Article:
By Jeb Bladine • President / Publisher • 

Jeb Bladine: A political feud spills over grave

A political feudspills over grave

It now is clear: Donald Trump does not like John McCain.


Jeb Bladine is president and publisher of the News-Register.

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All week, on Twitter and in public speeches, the president has attacked the former war hero and U.S. senator from Arizona. McCain gave no response, him being dead and all. But a few people stepped into that void.

U.S. Sen. Johnny Isakson called the president's diatribes "a lack of respect for (McCain's) service." The Georgia Republican, who chairs the Senate Veterans Affairs Committee, continued in a scathing interview on Georgia Public Broadcasting:

"It's deplorable what he said … There aren't Democratic causalities and Republican casualties on the battlefield, there are American casualties. And we should never reduce the service that people give to this country, including the offering of their own lives, to any political fodder in Washington, DC, or anywhere else for that matter."

That extends to our tiny corner of Northwest Oregon. We may not have much impact on the national political psyche, but occasionally we should comment about that moral morass. As comment, it's difficult to improve on some remarks by others.

Stuart Stevens, political consultant and former chief strategist for the 2012 Mitt Romney presidential campaign, spoke passionately in a television interview:

“This is really not an attack on John McCain; it is an attack on America. When you’re the president of the United States who attacks a dead war hero who represents the best of America, it really hurts the American soul. It drags us all down. I don’t understand where the line is if Republicans don’t stand and say, ‘Enough, do not do this.’ I mean, we’re constantly in the Joe McCarthy moment – ‘Have you no decency, sir?’ – And the answer continues to be, ‘No.’”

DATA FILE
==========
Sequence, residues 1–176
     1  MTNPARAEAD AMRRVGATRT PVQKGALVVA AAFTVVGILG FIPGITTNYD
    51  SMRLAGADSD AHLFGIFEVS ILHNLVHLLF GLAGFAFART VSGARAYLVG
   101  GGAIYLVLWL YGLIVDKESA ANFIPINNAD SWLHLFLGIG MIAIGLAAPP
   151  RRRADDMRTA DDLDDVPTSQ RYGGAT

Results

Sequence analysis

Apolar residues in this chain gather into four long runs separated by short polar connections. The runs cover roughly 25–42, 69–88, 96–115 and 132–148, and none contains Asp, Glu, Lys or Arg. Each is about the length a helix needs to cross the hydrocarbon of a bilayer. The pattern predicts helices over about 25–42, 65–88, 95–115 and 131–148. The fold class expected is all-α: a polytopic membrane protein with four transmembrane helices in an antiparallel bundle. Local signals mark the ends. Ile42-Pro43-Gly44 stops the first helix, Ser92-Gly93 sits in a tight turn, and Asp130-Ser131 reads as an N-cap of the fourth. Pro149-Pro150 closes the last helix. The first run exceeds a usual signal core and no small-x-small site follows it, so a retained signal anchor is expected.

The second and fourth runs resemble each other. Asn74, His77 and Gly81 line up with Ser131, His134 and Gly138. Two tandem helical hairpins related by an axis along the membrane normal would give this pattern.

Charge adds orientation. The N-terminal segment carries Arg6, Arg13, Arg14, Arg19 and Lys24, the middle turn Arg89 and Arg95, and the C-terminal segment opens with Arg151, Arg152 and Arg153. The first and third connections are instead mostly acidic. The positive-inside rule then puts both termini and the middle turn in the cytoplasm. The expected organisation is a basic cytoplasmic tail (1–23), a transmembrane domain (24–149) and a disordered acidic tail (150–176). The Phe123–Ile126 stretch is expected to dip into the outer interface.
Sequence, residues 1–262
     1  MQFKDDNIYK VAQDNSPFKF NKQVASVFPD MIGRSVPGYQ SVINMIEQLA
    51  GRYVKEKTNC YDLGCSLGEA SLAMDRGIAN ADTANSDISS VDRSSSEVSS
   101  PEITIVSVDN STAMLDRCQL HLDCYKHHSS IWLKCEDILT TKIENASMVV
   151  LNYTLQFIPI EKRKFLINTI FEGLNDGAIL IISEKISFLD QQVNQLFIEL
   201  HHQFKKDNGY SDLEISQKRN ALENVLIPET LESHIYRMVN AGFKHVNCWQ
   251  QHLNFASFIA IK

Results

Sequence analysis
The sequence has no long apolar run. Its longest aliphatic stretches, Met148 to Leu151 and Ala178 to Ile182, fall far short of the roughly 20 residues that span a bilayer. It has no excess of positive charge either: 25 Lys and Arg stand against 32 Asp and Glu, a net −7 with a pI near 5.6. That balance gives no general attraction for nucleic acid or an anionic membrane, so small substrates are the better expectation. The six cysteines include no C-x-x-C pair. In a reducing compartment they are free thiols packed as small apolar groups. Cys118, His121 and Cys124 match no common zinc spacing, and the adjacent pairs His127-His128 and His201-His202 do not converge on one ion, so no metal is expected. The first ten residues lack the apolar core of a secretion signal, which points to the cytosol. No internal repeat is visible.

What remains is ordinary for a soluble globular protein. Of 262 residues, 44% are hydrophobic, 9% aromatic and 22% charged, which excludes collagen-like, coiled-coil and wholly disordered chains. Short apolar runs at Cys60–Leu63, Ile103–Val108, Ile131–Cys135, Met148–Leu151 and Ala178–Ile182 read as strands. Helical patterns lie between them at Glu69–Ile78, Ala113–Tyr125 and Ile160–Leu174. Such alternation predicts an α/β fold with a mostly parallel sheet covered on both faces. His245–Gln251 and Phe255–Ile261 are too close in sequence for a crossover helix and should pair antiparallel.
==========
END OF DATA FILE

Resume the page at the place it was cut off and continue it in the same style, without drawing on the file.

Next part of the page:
Another TV interview engaged Paul Rieckhoff, founder of the Iraq and Afghanistan Veterans of America. From a military perspective, he spoke about the president’s "lack of discipline," his failure to provide an appropriate leadership example, his “new low.”

“People need to condemn this kind of rhetoric,” said Rieckhoff. “Our children are watching, our allies are watching, our enemies are watching. And when they hear our commander in chief continue to attack people in our own military and veterans community, that’s something that our enemies celebrate.”

Trump apologists filled the airways with a defense that bodes even more ill. Their common theme was that Trump simply is being Trump, which is his appeal to the base that put him into office.


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